BIO 113 — Dinosaurs
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Lab 2
Types of Rocks

See also Fossils Page

See also Lagerstätte Page

Igneous Rocks

  • Formed by solidification of molten magma or lava
  • Most common type of rock
  • Scattered crystals of different minerals may or may not be visible to the naked eye
  • Do not contain fossils

granite outcrop granite 1 granite 2
Outcrops of granite rock. The dark color is due to desert varnish, not the rocks themselves. Piestewa Peak, AZ A red Granite. Granite. Note patches of different colored crystals. Usually light colored

basalt outcrop basalt 1 basalt 2
A basalt lava flow at Sunset Crater, AZ Basalt. Often has numerous small cavities Rhyolite. Rhyolites are lighter colored. Cavities may be few or absent in some

andeside & obsidian Peridotite 1 gabbro & diorite
Andesite (left) and Obsidian (right) Peridotite Gabbro (left) and Diorite (right)

Metamorphic Rocks

  • Rocks that have been distorted by high heat and pressure
  • Variable, but often contain layered patterns of minerals
  • Rarely contain fossils

gneiss Marble slate
Gneiss. Note the layers of different colored minerals Marble. An often whitish, soft rock (derived from limestone) Slate. A lightly transformed from shale; it can still contain fossils. Texture is fine-grained; hard and splits horizontally

Sedimentary Rocks

  • Form when sediments are fused together
  • Or form through the precipitation of dissolved minerals
  • Characteristics reflect the sediments on which it is based (such as grain size)
  • Contain the vast majority of fossils


Sandstones are composed of relatively coarse sand-sized particles that are visible and impart a grainy texture. Sandstones are usually a poor source of molds and casts (except trackways), but can contain permineralized bone or wood. Reddish colors are common.

sandstone outcrop sandstone sandstone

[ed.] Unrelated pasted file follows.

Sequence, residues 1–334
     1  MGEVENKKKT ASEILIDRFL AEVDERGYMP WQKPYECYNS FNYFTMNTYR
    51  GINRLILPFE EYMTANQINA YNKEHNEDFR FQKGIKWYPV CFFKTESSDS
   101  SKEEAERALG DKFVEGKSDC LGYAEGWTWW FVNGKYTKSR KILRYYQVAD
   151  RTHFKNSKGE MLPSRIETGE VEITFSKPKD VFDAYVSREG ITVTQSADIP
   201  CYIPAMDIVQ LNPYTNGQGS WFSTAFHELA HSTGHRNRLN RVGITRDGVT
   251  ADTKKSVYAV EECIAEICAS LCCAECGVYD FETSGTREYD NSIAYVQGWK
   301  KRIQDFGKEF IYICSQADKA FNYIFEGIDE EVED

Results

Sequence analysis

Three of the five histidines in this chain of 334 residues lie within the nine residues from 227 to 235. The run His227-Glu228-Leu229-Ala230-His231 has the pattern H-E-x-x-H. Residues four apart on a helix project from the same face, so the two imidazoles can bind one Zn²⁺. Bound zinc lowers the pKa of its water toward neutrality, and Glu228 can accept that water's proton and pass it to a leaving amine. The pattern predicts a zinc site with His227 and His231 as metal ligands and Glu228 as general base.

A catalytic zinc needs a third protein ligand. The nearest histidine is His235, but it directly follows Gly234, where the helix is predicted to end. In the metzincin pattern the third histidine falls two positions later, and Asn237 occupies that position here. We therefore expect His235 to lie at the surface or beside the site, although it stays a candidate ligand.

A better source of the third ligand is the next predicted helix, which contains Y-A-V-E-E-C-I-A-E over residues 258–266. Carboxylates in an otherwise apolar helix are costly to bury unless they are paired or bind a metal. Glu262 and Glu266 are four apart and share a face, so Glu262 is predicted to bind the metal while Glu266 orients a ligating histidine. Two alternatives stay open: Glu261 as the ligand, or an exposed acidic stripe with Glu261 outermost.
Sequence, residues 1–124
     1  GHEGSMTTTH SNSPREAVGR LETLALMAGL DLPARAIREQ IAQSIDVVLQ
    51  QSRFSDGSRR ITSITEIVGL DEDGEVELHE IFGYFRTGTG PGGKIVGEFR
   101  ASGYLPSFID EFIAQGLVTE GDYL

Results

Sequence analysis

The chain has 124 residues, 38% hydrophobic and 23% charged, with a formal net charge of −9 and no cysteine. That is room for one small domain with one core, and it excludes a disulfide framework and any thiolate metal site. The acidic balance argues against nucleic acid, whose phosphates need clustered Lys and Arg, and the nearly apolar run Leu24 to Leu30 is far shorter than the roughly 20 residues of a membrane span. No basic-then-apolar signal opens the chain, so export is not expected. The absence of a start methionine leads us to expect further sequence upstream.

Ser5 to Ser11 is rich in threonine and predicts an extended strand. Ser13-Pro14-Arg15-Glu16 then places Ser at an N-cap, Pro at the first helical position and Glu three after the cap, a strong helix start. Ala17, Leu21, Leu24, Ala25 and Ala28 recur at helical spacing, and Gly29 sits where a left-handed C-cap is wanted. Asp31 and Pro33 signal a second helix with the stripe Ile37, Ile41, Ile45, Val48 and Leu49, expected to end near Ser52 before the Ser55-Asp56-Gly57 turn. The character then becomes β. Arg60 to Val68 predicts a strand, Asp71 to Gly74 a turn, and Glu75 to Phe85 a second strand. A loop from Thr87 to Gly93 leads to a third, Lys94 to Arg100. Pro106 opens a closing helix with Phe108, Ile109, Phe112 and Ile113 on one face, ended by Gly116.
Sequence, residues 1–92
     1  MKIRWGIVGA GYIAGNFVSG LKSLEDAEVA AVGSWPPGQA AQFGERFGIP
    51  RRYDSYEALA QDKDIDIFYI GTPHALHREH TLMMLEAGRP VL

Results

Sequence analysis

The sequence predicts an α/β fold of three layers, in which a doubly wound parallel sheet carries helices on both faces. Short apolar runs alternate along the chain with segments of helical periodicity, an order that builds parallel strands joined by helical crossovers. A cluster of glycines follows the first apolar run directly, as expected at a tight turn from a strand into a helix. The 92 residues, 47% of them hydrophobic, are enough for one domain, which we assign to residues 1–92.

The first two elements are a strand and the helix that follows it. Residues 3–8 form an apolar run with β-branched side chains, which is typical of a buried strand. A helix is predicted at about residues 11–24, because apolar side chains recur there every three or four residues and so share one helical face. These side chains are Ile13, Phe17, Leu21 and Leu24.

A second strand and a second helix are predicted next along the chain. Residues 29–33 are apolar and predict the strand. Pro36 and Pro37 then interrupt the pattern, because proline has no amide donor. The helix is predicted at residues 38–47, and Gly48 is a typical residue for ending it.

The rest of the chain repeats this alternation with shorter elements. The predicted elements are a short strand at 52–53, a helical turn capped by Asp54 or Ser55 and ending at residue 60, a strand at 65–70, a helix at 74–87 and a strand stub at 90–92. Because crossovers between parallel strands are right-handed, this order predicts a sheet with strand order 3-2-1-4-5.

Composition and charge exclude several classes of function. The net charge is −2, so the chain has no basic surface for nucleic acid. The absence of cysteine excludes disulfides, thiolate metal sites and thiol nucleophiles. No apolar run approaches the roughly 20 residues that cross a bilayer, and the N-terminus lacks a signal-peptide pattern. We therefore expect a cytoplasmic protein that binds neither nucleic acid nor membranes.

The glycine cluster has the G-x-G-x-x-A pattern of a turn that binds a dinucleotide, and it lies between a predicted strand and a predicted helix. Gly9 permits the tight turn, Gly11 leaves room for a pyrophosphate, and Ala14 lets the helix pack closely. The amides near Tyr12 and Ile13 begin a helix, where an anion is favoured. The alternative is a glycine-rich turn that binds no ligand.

Layered sandstone at Glen Canyon NRA, AZ. Sandstone. The colored layers result from accumulations of different types of sand (not all sandstone is layered). Sandstone. Closeup showing grainy texture

Mudstones and Shales

Both mudstones (including both siltstones and claystones) and shales are composed of finer particles that cannot be distinguished by the naked eye, so they lack the grainy texture of sandstones. They differ in how the particles are cemented together. Mudstones are the least rock-like and easily crumble into irregular-shaped blocks, while shales tend to be harder and split into flat horizontal plates. Both are good sources of fossils.

sandstone outcrop mudstone shale
Mudstone cliffs at Petrified Forest National Monument, AZ. Note the eroded surface. Mudstone (specifically siltstone) rock. Shale splits into horizontal layers


Limestone is characterized by a high concentration of calcite (calcium carbonate) that strongly cements the sediment particles together. Superficially it can resemble mudstones and shales, but it typically is harder and will fizz when exposed to acid. The amount of calcite can vary, so there is no definitive line between limestone and mudstone or shale. The calcium carbonate is often (but not always) derived from the shells of tiny marine organisms and algae, and thus is a good indicator of fossil-bearing aquatic sediments.

Limestone outcrop limestone coquina limestone
Limestone cliffs. The rounded edges and pitted surface are typical of limestone because, while hard and resistant to physical erosion, it can dissolve especially if the water is acidic. Natural Bridges S.P., KY. Limestone. The texture of limestone can resemble shale or mudstone, but it is usually harder and less likely to split or crumble. Fizzes when exposed to acid. Coquina Limestone. Limestone that is composed primarily of visible shelly material is called coquina.

Conglomerate & Breccia

In both conglomerate and breccia, large particles (gravel, stones, etc.) are cemented into a finer matrix. The particles in conglomerate rocks are rounded, indicating they have eroded, such as in a river. Particles in breccia have sharp angles, indicating they were broken off the parent rock (such as by landslides) without any opportunity for erosion. Neither are likely to contain fossils.

Conglomerate Conglomerate Breccia
Conglomerate alternating with sandstone. Conglomerate rock, cut and polished. Breccia. Differs from conglomerate in that the embedded rocks are angular rather than rounded

Other Chemical Sedimentary Rocks

As with limestones, these rocks are produced by chemical processes rather than simply cementing a substrate together.

Chert Tiger Iron Formation Coal
Chert. Chert is often associated with limestone but results from the precipitation of silica rather than calcite. Forms curved surfaces when split. Red, green, and brown coloration is common. It can contain small fossils. The red layers in this ancient "banded iron formation" are chert produced during anoxic periods that alternate with layers produceded by ancient bacteria 2.5 bya. Coal is a carbon-rich sedimentary rock (or metamorphic rock in the case of anthracite coal) derived from dense accumulations of plant material such as from peat swamps. It is considered a chemical fossil.

This page last updated 3 September 2014 by Udo M. Savalli ()
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